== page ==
Those are all back exercises. Your back is not the problem. Your core is. When most people say "core" they mean the front side of you, not the back side. Crunches, Leg raises, anything that works your ABS. Those are the exercises you want to emphasize for the next several months. If you did nothing else but work up to 200 situps (or crunches) you would see a marked improvement in your back pain.

https://www.twohundredsitups.com/

H
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Old 01-07-13, 09:19 AM
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Originally Posted by knoxtnhorn View Post
I hope it's something that can possibly be cured via repetition on the bike. I'll be the first to admit that I absolutely cannot stand lifting weights. To give an idea, I've had two knee reconstructions. Both times I stopped going to physical therapy after the first session. I just can't do it. Props to those that can do gym work, though.

I was diagnosed with a slightly herniated disk in my lower back about a year and a half ago; however, it only truly bothers me if I do something strenuous like move furniture (or climb hills on my bike).
Same deal. I have a herniated L4/L5 disc. It was diagnosed back in July, after a 100+ mile ride with a lot of climbing. In my case, climbing definitely did aggravate my back. One of the best things I did was get re-fit on my bike. On long climbs I have a tendency to shift my weight far back on the saddle, but my fitter found my saddle was not supportive, putting major strain on my lower back. Additionally, I underwent physical therapy, which helped me discover that I had awful hip rotation and flexibility. Once again, the fit process took steps to address both of those issues. It's important to realize that the actual pain in your back may be caused by several other factors (hips, hamstrings, IT bands). A rigorous stretching and core work routine has helped. Don't screw around with a herniated disc or back pain. Doing so once left me immobilized on the side of the road after a minor twisting motion caused a back spasm.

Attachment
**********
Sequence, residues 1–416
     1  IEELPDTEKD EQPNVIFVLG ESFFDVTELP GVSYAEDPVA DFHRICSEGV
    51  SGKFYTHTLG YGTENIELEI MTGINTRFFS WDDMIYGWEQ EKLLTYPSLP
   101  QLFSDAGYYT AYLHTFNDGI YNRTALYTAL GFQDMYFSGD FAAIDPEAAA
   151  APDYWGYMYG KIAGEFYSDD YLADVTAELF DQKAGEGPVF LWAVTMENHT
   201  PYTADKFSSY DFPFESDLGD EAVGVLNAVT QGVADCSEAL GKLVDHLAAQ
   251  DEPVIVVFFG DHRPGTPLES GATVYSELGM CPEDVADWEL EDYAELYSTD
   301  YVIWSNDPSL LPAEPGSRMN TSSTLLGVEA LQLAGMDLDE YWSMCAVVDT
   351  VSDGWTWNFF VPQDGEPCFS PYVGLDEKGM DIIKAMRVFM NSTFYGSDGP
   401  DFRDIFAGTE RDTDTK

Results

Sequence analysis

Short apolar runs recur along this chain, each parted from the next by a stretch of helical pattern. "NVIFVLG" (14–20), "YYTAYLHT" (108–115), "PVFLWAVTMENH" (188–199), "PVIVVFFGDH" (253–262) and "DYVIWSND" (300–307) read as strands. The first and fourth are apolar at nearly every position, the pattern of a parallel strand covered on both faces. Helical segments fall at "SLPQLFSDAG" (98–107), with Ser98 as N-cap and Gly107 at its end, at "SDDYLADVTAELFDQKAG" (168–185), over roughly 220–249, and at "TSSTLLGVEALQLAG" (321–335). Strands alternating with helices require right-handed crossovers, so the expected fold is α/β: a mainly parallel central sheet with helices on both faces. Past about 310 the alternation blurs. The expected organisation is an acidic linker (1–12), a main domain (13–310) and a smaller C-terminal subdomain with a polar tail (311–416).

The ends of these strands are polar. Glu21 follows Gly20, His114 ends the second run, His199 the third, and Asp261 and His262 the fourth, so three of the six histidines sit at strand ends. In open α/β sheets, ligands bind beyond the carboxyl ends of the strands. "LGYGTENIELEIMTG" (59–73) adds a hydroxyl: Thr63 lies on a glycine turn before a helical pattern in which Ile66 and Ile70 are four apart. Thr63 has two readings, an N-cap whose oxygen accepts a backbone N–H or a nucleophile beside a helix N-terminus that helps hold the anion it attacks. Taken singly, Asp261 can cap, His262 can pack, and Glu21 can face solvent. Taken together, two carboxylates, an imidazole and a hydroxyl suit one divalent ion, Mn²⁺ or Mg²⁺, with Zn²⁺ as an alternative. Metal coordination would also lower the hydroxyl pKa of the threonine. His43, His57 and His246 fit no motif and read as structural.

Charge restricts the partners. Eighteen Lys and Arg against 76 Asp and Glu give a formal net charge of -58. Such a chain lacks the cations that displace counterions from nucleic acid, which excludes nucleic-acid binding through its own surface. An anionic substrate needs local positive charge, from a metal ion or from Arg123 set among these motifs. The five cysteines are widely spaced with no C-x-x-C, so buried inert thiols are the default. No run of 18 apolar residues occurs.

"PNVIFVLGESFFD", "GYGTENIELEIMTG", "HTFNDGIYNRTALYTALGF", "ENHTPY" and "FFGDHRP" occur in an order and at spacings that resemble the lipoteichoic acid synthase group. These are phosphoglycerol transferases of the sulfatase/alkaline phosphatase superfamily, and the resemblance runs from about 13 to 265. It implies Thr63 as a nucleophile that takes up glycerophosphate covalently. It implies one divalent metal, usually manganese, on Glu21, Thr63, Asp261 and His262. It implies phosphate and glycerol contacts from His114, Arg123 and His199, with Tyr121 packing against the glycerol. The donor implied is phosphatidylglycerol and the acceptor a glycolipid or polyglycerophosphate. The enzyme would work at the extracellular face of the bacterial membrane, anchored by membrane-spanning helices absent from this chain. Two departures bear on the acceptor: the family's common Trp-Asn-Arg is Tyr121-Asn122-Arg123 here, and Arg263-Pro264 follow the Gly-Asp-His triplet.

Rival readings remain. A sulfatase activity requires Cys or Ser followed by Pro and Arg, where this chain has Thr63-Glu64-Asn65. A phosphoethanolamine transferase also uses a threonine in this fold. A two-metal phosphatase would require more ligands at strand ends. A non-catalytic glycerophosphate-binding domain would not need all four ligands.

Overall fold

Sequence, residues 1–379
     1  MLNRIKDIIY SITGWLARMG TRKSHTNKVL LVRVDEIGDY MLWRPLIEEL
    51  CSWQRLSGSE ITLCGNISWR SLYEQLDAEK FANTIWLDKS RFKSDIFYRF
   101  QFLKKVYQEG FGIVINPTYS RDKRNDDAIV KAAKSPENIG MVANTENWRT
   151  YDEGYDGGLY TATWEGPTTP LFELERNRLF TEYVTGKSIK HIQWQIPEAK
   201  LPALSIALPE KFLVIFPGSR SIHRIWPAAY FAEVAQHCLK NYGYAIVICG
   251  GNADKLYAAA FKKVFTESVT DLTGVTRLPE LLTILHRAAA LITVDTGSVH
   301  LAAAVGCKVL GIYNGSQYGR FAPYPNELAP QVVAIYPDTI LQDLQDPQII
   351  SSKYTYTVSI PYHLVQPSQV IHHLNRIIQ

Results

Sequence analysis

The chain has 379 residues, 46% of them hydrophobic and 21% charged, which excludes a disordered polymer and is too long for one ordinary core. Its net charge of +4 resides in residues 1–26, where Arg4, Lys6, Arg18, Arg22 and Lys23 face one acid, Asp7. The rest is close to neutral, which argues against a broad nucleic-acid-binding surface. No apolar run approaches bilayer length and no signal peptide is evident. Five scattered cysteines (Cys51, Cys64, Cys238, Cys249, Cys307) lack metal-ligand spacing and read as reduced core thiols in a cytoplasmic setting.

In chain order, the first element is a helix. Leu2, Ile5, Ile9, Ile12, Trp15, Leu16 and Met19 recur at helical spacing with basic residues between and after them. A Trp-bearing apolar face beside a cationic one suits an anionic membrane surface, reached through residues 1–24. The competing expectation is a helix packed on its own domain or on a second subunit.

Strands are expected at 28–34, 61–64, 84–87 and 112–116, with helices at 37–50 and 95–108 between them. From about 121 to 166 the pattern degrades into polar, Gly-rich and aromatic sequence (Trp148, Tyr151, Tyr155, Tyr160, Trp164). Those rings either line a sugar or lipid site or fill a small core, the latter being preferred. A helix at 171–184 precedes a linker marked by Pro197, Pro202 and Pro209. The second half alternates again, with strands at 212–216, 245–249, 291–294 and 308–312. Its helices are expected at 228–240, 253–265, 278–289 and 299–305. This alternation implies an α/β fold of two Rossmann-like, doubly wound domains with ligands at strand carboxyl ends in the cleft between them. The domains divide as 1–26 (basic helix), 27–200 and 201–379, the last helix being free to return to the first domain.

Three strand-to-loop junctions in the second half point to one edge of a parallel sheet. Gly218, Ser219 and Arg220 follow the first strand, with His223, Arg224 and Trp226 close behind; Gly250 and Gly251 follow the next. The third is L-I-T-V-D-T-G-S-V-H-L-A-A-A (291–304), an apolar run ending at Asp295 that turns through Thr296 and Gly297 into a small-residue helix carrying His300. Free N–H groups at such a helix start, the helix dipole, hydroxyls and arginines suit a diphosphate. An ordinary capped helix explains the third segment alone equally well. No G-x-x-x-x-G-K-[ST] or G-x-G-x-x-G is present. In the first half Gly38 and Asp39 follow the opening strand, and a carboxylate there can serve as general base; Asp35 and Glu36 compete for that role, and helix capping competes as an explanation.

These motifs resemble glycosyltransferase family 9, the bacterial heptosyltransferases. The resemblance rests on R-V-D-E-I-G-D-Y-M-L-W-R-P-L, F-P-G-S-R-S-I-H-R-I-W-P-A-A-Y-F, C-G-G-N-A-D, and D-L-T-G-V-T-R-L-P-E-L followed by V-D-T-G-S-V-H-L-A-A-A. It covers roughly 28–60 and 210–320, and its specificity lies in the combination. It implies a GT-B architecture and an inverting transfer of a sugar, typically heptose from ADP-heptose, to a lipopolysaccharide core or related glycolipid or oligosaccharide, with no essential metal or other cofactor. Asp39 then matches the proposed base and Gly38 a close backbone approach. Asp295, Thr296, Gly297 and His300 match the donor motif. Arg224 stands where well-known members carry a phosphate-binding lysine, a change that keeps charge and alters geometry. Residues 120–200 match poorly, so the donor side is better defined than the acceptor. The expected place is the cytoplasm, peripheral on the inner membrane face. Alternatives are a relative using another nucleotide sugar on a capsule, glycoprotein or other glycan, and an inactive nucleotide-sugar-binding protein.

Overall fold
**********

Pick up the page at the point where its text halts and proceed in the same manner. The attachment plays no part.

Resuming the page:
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Old 01-07-13, 05:12 PM
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Low back pain on the bike can be core strength as has been said but it can also be related to tight hamstrings.
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Old 01-07-13, 06:27 PM
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that - try stretching your hamstrings, it helps me a LOT after hard rides.

I have relatively poor core strength and hard rides kill my lower back. Stretching helps a lot, but more consistent hard rides with proper rest in between will help strengthen your core too
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Old 01-08-13, 12:00 AM
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I suffer from the same problem when doing long (> 5 km, 5 - 8%) climbs - my lower back kills me. I weigh 6' and 210 lbs (and reducing). I'm working on my core strength and riding position. Will also try stretching a little before the climb.
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Old 01-08-13, 06:16 PM
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Originally Posted by Leisesturm View Post